A general “silencing of women” has been taking place for many, many years already. Women’s magazines, portraying what they seem to think is “women’s agenda” are encouraging us to spend more time thinking what to wear to work, rather than encouraging us to take a moment and ask why the guy next to us is earning more, for the same work load. They’re encouraging us to eat right and go look for our sexual freedom, rather than encouraging us to re-examine family values and question weather the way women have been forced to live for thousands of years is old fashioned and doesn’t suit the way of life we want for ourselves today. We’re seeing wedding dresses and fall fashions instead of the diagrams showing wage differences, health-coverage differences, representation differences and so on.

Why? Is it because someone doesn’t want us to dwell in that? Yes. But it’s also because WE don’t want to dwell in it. Because, as women, we’ve been educated for centuries that we aren’t the ones who deal with important matters such as finance, politics, education and health care. And since, when we look around us, these areas are still dominated by a majority of male decision makers, we’re having a hard time finding our place, coming out with new magazines that maybe can introduce an agenda more realistic to our lives and less Disney style.

Now, why would anyone mind us dwelling in the wage differences? In health insurance coverage? It’s simple really, it’s the 21st century and women are still being used as cheap labor. Money is being made off our backs, and the dilemmas are left to us. Why should I go to work if I’ll bring home less than my husband and still have all the house-work left? Why should I choose to remain single if it’ll mean losing out on so many financial benefits married couples are entitled to, not to mention the social implications? Why should I pursue a PhD, have a harder time than my male co-workers, make less money, and maybe miss the chance of fulfilling my womanhood and having kids? Who is discussing these issues today? Who is proposing solutions that entail more than smiles and a pat on the back? Who cares? If we don’t care, no one will care for us. If we don’t care to change the cover of women’s magazines from ‘photoshoped’ beauty ideals to our demand for equal treatment, no one will do it for us. And the only way I see possible to achieve this is by having ourselves properly represented, in all parliaments, govt. chambers, corporations and educational facilities.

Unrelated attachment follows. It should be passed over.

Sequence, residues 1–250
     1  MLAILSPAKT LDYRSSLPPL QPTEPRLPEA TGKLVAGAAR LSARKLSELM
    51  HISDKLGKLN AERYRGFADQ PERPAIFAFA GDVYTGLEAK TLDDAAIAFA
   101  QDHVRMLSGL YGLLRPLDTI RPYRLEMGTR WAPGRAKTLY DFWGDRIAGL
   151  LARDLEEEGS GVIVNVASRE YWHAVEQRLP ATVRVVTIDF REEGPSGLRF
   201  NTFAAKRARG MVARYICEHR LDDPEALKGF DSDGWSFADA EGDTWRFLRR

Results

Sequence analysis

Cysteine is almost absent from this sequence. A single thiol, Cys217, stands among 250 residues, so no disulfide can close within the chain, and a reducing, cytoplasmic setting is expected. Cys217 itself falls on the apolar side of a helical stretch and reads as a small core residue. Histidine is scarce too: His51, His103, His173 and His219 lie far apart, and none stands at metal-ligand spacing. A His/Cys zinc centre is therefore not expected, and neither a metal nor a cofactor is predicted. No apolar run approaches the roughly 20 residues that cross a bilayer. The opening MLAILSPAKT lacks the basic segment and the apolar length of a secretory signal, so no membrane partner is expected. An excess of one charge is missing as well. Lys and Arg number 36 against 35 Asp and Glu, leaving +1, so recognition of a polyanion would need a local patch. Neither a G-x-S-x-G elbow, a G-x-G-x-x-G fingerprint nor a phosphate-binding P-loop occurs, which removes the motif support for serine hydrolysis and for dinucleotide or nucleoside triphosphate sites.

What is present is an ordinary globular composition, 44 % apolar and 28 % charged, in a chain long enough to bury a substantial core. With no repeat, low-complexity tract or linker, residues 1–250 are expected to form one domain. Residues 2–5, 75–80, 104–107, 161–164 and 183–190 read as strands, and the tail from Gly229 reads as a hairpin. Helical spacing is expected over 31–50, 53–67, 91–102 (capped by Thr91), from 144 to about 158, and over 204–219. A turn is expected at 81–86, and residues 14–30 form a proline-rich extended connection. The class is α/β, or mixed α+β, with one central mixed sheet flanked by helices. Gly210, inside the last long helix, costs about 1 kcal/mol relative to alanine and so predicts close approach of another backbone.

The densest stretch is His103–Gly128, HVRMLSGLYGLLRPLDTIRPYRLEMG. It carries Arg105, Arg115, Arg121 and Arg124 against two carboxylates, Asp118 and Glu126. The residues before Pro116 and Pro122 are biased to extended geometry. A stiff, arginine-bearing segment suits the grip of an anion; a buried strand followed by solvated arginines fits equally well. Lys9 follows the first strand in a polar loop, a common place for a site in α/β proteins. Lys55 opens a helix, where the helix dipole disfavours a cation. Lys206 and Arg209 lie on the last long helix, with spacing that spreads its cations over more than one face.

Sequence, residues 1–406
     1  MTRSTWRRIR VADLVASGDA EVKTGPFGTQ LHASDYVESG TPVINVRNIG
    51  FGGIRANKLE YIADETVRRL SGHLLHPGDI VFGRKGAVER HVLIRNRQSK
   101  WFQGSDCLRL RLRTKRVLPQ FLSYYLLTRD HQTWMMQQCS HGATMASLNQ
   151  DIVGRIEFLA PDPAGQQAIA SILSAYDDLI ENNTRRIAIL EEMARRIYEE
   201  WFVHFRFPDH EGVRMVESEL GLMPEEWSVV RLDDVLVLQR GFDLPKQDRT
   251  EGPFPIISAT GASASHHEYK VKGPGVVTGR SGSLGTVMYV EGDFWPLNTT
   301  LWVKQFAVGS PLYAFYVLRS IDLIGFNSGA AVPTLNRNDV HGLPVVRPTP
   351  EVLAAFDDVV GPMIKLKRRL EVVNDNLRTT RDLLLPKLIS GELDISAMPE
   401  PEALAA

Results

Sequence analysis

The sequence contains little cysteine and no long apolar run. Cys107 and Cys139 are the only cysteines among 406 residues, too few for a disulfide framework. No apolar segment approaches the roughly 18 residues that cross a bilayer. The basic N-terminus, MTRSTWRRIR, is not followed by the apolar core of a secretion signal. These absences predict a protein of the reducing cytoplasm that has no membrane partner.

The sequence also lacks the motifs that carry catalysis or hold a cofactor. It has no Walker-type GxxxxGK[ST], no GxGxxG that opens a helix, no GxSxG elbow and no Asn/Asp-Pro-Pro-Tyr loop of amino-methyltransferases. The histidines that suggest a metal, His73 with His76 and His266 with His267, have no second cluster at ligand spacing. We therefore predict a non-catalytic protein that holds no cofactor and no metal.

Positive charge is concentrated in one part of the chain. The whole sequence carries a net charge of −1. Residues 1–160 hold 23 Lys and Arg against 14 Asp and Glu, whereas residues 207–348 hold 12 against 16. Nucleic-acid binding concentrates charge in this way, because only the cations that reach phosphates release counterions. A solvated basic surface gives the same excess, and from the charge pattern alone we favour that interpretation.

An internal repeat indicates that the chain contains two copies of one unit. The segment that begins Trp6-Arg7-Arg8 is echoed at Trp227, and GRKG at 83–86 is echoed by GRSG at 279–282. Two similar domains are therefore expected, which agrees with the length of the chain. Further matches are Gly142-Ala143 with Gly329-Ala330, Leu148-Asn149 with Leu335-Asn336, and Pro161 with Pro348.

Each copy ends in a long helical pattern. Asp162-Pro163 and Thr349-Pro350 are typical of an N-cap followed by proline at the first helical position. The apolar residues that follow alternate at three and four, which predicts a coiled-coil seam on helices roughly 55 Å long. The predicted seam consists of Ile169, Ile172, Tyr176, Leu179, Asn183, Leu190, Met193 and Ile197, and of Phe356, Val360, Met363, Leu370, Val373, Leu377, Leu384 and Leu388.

If our young girls see women calling shots and caring for their future, they will have more initiative, more inspiration, more role models, more incentive and ultimately more hope. Educating young girls, giving them hope and role models they can follow, is in everyone’s interest. Women are a buying force, giving them adequate wages will only strengthen the market and potentially generate more jobs. Women often make more decisions regarding family health- giving them better insurance and coverage, means improving everyone’s lifestyle.

Equality for women isn’t only in the interest of women. It is in the benefit of society as a whole. We have the vote, now let’s make it mean something!

It’s time to vote in OUR favor, in OUR interest and in accordance with OUR agenda. The one we’ve been ignoring, overlooking and neglecting for 100 years. – Sisters of 77′


One Response to Sisters 10′

  1. […] relating to feminism: my take on it and how world-events are relating to it: 1st post, 2nd, 3rd, […]